Do I Need a Sleep Study?

If you suspect that you or a loved one suffers from a sleep disorder, like sleep apnea, the first step is diagnosis.

A sleep test, whether conducted in your own home or in a sleep center, is the only way to properly diagnose or rule out a sleep disorder, and must be ordered by your physician.

There are two different kinds of sleep studies: diagnostic and titration studies.

The diagnostic study will diagnose or rule out a sleep disorder like sleep apnea. After having this study, your doctor can tell you, “Yes, you have sleep apnea,” or “No, you don’t have sleep apnea. Let’s look for other causes of your symptoms.”

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You can have a diagnostic sleep study in your own home (called a home sleep test, or HST) or in a sleep center.

You may choose one type of test over the other based on the type of sleep disorder you are suspecting, if you have other serious medical conditions and your insurance coverage.
In-center polysomnography (PSG) records your brain waves, heartbeat and breathing as you sleep in a sleep center.

It also charts your eye movements, limb movements and oxygen in your blood. PSG is also referred to as a diagnostic study, attended PSG, or fully attended overnight sleep study. PSG can diagnose or rule out sleep disorders such as obstructive and central sleep apnea, restless leg syndrome (RLS) and more. For more info on in center sleep tests, visit Advanced Sleep Medicine Services, Inc..

HST is a type of diagnostic polysomnography which is self-administered by the patient in his/her home.

It is used to diagnose sleep apnea by recording several channels of information: respiratory effort, pulse, oxygen saturation, nasal flow and snoring. HST is a convenient and cost-effective alternative to in-center sleep testing for many patients if it is highly likely that the patient has moderate to severe sleep apnea, and if the patient has no other significant medical issues such as pulmonary diseases, neuromuscular disease or congestive heart failure. HST cannot be performed on children and cannot diagnose other sleep disorders such as restless leg syndrome, periodic limb movement disorder or narcolepsy. These patients should be tested in a sleep center. For more information on home sleep tests, visit Advanced Sleep Medicine Services, Inc.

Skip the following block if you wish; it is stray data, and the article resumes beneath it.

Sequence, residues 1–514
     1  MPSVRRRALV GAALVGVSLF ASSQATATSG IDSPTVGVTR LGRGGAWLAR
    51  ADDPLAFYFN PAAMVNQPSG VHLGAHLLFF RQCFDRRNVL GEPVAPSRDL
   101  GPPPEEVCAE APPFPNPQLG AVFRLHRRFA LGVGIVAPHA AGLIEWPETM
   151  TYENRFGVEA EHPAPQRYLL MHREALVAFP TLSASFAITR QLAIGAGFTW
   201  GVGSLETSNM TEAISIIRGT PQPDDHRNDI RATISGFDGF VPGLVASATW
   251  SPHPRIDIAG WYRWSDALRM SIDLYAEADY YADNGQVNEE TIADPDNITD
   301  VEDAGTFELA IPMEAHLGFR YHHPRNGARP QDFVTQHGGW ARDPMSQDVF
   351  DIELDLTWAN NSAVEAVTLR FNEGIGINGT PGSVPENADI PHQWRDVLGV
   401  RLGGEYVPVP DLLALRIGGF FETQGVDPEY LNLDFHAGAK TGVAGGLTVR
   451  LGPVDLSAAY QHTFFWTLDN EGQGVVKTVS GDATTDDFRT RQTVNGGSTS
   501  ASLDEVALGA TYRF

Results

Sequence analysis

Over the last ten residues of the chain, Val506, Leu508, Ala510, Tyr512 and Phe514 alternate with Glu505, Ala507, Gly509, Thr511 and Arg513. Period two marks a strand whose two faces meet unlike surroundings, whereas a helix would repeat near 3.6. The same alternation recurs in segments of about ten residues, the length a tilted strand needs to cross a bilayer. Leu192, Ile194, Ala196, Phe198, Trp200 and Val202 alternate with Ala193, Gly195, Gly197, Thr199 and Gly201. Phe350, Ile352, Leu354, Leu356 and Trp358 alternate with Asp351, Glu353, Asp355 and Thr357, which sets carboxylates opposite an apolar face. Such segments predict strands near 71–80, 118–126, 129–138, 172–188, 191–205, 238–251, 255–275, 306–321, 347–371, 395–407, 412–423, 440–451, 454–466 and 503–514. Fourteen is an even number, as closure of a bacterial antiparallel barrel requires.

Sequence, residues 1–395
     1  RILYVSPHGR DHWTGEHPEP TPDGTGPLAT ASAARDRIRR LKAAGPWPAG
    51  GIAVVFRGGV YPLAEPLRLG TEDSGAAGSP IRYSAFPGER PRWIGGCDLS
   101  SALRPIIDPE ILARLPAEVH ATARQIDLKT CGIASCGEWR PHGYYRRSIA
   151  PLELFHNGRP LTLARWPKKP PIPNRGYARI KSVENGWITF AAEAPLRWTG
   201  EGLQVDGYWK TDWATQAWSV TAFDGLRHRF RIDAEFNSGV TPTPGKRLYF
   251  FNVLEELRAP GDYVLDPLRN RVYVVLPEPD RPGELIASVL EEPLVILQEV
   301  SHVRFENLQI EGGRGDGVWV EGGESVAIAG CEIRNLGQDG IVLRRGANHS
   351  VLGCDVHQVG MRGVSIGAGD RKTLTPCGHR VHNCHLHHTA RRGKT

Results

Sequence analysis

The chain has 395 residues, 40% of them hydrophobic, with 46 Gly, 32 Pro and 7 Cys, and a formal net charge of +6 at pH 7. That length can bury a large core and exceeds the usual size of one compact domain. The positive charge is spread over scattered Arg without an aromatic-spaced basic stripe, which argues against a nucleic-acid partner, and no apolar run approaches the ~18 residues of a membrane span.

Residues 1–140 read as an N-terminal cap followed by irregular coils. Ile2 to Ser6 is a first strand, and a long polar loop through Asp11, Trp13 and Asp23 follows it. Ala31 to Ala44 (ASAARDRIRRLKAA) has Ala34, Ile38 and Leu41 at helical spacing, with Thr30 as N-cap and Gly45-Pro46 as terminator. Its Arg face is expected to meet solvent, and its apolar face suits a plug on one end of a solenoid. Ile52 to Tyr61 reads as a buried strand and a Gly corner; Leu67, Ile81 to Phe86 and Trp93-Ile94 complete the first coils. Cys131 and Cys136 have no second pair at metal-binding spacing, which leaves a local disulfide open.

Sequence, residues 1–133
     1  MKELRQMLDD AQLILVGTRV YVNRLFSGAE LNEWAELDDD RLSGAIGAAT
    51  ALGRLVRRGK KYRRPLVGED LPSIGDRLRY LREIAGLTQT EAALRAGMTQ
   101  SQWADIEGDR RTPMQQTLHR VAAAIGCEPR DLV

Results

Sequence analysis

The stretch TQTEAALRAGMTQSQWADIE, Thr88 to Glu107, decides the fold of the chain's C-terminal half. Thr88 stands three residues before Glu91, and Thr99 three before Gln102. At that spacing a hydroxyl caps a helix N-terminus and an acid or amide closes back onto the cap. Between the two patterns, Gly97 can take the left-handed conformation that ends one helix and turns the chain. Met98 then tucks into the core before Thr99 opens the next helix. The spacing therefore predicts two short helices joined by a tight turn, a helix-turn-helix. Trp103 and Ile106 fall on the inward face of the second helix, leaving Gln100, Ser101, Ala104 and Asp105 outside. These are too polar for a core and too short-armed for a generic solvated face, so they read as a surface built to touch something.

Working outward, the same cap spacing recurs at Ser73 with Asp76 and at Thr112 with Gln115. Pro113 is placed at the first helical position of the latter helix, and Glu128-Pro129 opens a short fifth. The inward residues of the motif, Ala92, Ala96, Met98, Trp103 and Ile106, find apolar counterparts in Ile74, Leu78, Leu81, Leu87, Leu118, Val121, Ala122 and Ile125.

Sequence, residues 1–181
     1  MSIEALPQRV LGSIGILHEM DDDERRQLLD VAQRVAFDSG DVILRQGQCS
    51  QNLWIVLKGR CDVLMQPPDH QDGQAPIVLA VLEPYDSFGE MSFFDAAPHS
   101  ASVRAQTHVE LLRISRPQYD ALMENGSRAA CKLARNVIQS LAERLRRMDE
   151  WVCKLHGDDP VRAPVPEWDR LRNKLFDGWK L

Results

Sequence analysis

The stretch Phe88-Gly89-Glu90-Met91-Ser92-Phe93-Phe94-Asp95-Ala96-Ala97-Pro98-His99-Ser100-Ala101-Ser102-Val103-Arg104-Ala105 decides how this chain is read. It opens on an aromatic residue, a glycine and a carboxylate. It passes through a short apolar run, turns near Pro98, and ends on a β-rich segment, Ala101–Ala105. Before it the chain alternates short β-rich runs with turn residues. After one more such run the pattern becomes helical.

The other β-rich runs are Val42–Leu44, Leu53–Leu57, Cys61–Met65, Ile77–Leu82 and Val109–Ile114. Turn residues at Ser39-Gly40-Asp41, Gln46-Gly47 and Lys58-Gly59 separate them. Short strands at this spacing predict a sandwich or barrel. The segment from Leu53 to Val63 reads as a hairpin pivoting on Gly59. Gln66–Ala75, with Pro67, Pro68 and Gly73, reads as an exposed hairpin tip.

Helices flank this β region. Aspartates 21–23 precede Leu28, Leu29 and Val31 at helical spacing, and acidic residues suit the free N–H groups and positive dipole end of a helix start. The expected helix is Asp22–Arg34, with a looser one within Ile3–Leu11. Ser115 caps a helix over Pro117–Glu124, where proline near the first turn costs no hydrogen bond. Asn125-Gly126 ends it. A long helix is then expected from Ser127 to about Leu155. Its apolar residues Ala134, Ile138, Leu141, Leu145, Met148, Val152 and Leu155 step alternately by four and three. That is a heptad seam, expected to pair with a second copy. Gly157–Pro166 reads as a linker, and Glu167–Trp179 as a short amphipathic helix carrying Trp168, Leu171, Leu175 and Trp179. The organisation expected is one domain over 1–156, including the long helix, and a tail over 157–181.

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If you have sleep apnea, you may require a titration study.

Even if you don’t expect to use PAP therapy to treat your sleep apnea, many insurances will require that you start with PAP therapy before they will cover the expense of any PAP alternatives.

A titration can be completed the same night as your diagnostic study if you’re testing in a sleep center. This type of combo-study is called a split night or 50/50 study. A split night begins with diagnostic polysomnography and switches to PAP therapy titration once the patient shows sufficient apnea events. This test is often ordered when sleep apnea is highly likely and can eliminate the need for a second night sleep study if the titration is successfully completed.

If your diagnostic test was done with a home sleep test (HST), your titration may be completed in a sleep center or in your home. Recently, many patients and insurance companies are opting for in-home titrations after a sleep apnea diagnosis is made using a home sleep test. This is called an auto-PAP titration. If you come into the sleep center for a full-night titration, you will use PAP therapy for the entire night and the technician will adjust the pressure settings to eliminate apneas.

For more information about different types of sleep studies and the sleep disorders they can diagnose, visit us at

Advanced Sleep Medicine Services, Inc. - Julia Guest article provided by:
Julia Steele Rodriguez, Vice President of Marketing and Operations at Advanced Sleep Medicine Services, Inc.

At Advanced Sleep Medicine Services, Inc., our mission is to empower sufferers of sleep disorders, like sleep apnea, to lead more fulfilling lives by improving their sleep. We believe that by caring for and educating our patients and diagnosing and treating their sleep disorders we can help them achieve better health.